“North America’s nearly ubiquitous domestic front lawn in particular developed as a means to display the home and, hopefully, impress the neighbors. We have dedicated millions of acres to this sterile monoculture. And for a lawn to be ‘healthy,’ other forms of life must be eradicated, drugged with chemicals that are immediately washed into our water supply, irrigated by our increasingly precious fresh water, and spewing the pollution emitted by two-stroke mowers.”
—Architect/artist Fritz Haag, “Architecture After the Front Lawn,” an essay
Bernheim’s Edible Garden is a living outdoor classroom created to convey Bernheim’s research mission. It was designed to be inclusive and accessible, and it integrates all of Bernheim’s expertise in one location: Horticulture, Natural Areas, Research, Art, Education and Experience. As an applicant to the Living Building Challenge (LBC), the Edible Garden meets the most rigorous green design standards in the world, following the principles of Regenerative Design — supporting Bernheim’s efforts as a leader in ecological stewardship.
As part of the Edible Garden’s mission to demonstrate Regenerative Design principles, Natural Areas Research Coordinator Kelly Vowels just completed a nearly decade-long continual assessment of the garden’s diversity and published a 42-page documentation of her scientific findings. Her baseline? What had been essentially a patch of grass with nearly no biodiversity.
When scientists assess an area’s biodiversity, they look at both species richness (how many different species there are) and relative abundance (the number of organisms each species has). The tools were few and simple: walking areas designated as quadrets so that there would be some consistency in the observations, taking notes, and doing photo documentation with follow up identification of species she didn’t immediately recognize. She tracked mammals, birds, reptiles, insects, arachnids, amphibians, and crustaceans, as well as fungi.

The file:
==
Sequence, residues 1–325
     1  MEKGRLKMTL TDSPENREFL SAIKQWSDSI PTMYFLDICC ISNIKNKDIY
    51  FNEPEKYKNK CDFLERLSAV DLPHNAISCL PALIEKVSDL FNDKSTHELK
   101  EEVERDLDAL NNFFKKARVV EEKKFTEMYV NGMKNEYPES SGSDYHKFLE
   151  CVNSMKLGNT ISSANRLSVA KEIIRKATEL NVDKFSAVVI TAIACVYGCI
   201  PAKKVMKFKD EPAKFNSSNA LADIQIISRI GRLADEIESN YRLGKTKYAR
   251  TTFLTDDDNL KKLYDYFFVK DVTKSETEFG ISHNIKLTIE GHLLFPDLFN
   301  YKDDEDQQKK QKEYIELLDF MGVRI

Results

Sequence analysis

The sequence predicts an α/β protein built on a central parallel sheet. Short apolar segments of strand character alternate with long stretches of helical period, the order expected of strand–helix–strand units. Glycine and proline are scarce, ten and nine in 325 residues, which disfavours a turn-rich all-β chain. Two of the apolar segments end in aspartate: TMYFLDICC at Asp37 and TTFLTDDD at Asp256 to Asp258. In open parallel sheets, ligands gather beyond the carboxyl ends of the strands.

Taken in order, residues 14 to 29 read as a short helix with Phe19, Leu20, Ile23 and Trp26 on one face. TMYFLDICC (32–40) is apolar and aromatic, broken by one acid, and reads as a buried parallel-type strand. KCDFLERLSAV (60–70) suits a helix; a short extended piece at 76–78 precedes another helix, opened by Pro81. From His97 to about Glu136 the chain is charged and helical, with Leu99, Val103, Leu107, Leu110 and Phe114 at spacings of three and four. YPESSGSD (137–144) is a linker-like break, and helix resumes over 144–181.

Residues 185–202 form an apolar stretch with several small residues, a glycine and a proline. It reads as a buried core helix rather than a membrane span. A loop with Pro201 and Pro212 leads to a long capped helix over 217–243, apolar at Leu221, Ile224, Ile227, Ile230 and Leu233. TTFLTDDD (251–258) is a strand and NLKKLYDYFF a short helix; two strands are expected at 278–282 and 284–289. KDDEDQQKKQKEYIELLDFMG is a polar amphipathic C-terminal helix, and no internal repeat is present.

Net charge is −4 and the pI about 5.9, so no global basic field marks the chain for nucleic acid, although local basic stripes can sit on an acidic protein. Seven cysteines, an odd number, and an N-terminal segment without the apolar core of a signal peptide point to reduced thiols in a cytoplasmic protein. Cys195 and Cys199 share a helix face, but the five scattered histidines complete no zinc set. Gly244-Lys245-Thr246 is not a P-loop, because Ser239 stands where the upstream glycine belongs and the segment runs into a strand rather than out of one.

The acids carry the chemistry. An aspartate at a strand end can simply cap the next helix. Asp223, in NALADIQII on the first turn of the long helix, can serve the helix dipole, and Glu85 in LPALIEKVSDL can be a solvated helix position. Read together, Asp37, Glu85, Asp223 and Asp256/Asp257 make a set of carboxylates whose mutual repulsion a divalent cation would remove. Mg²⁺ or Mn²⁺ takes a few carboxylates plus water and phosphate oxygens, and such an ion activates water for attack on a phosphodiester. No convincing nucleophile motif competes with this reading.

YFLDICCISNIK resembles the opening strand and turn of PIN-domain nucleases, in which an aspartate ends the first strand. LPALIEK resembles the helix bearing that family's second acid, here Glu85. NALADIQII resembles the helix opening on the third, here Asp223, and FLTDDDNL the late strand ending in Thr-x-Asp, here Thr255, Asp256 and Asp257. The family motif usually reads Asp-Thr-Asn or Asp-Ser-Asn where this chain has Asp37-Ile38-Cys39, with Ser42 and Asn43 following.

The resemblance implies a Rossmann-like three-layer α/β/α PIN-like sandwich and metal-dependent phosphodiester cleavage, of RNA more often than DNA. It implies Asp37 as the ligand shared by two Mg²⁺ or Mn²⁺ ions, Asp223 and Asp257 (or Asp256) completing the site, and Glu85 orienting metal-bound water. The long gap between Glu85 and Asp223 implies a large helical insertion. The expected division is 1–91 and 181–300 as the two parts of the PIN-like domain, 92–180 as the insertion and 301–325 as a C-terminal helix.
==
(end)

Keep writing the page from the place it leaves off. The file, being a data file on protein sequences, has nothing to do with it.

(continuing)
She observed dramatically growing biodiversity from the garden’s first year as it developed, with increases in both the population size and the species diversity. Butterflies and moths were among the biggest increasing populations, growing from 25 species in 2012 to 64 last year. Among these were species like the gulf fritillary butterfly and the Ocala skipper — both much more common further southeast and which she hadn’t seen anywhere else in Bernheim. Only one species of spider was found in 2012 compared to 19 in 2020.
“We saw a lot more pollinator species — bees, moths, butterflies” she said. “Every year you saw them increase. When they put the milkweed in, the monarchs went crazy — if you want to see monarchs during migration, this is the place to come.”
What was the most important lesson of nearly a decade of counting species and tracking data in the Edible Garden? For one, it was irrefutable proof of what you shouldn’t do in your yard.
“It’s a great opportunity to demonstrate that lawns are dead zones when it comes to ecology,” she said. “Most lawns are nothing but one species of plant – grass – and we don’t even allow it to get to flower and seed stage, which is what would attract anything. I try to convince people they need to plant more trees, shrubs, pollinator-attracting plants. Even an abandoned lot has more value than a lawn does.”
“The most important thing is plant diversity,” she continued. “As many species as you can put in your garden, it’s going to attract more birds, butterflies, and insects. It all starts with plants. The Edible Garden currently has about 200 plant species. Start in your own back yard — plant as many species as you can get and try to put as little grass as possible.”
Although Vowels has a natural sciences background with a master’s in biology, she said assessing biodiversity is something anyone can do, and encourages everyone to try to do one in their own garden or neighborhood, especially if they’re improving the space with pollinator plants, water sources or other features that attract wildlife.
“Timing is important, and you want to do it at multiple times during the year. Anybody can do it – it’ s simply a matter of counting what species you’ve got and identifying them. There’s plenty of apps that will identify things for you — my favorites are iNaturalist and eBird, and BugGuide. Just take good pictures!”
Kelly Vowels’ full research PDF can be requested by email.